Making Clear the Path to Success


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Tell someone you’re attending college and they’ll likely ask “What’s your major,” or “What are you studying?” While many students have a clear idea of what their expected route is through their educational journey, there are also a good number of students, whom I’ve often seen in my work with community colleges, who do not have a clear path. They haphazardly take courses that do not align to their academic and/or career outcomes jeopardizing their overall goals and prolonging time (and increasing the cost) to completion. Often the frustration results in them so losing sight of their goals they stop attending and trade potential income for student debt.

Planning the Path to Completion

Knowing that students without crystalized or formal plans may suffer academically and/or economically then begs the question: Are our institutions of higher education open to rethink how we shepherd students toward completion in a defined and thoughtfully planned way? Some colleges asking this question are finding systemic or historical inefficiencies in the way classes are scheduled. Rather than rolling courses over from term to term, they are looking at student preference for modality, or time of day courses are offered. How are we balancing faculty preferences, in terms of their teaching schedule, with the preferences of students’ needs? How many of us are asking these type of questions at our institutions?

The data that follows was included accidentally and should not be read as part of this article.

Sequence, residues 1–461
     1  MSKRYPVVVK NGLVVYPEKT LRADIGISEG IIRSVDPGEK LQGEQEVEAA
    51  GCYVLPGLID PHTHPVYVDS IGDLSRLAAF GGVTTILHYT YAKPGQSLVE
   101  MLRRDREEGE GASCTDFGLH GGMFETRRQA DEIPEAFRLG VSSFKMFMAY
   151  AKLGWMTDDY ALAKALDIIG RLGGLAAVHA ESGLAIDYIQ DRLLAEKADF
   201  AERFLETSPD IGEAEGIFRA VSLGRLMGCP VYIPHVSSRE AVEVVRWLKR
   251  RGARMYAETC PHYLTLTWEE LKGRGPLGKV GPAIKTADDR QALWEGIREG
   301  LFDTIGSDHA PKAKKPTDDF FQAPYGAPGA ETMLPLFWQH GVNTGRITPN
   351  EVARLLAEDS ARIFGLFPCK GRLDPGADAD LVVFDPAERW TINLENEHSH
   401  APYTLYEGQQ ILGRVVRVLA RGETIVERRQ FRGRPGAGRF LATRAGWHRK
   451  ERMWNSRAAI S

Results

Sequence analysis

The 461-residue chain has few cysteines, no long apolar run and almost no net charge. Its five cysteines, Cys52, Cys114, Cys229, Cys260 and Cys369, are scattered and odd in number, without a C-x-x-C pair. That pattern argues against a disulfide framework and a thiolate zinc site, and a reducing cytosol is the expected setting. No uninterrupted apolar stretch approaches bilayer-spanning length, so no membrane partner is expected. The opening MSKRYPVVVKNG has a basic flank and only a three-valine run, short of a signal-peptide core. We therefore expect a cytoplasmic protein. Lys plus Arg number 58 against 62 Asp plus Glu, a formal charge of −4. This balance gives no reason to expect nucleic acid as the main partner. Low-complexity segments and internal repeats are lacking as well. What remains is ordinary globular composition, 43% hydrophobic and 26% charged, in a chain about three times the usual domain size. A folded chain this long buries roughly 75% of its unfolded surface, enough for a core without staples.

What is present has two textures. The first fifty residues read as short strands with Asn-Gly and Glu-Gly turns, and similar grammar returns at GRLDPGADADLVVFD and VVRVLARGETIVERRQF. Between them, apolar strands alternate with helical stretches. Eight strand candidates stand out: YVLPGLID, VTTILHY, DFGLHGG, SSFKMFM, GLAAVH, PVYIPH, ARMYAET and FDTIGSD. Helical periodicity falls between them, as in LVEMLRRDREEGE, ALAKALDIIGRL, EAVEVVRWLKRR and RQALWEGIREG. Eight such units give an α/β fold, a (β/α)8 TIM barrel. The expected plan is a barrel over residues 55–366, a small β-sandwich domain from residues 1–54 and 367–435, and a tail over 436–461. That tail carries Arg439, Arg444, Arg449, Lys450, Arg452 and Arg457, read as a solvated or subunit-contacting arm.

A great read on how colleges and universities should holistically rethink and re-integrate student pathways within the cultures of their institutions has been authored by Jenkins and Cho (2014) from the Community College Research Center. They posit the following: “With so many choices and without a clear roadmap or someone monitoring their progress, it is not surprising that many community college students indicate that they are confused and often frustrated in trying to find their way through college (p. 2).”

The authors suggest that institutions need to create a more guided pathway approach. This path would be more focused on creating a “student pathway ecosystem” that has students at the center of our redesign work. Major components are articulated in in the narrative, suggesting the ideas colleges need to think through in order to craft a more seamless and efficient approach for students. What follows is a summary though I encourage you to give this paper a read.

whiteboard pathways
Clear Road Maps to Student End Goals

This is also what the Guided Pathways to Success document articulates; “build with the end game in mind.” An argument could be made that this is the perfect opportunity for design thinking to articulate and discover what colleges need to do to create intentional pathways for students to move successfully in their educational journey.

On-ramps to Programs of Study

How are our in-take programs, procedures, and policies aligned to facilitate a successful student journey? Jenkins and Cho note that students should be crafting a plan upon entry to the college and that support services should align to that plan, documented along with a planned sequence of courses that are scheduled beyond a one-year time frame. While on-ramps are critically important, are “exit-ramps” also needed to correct a student’s trajectory if needed?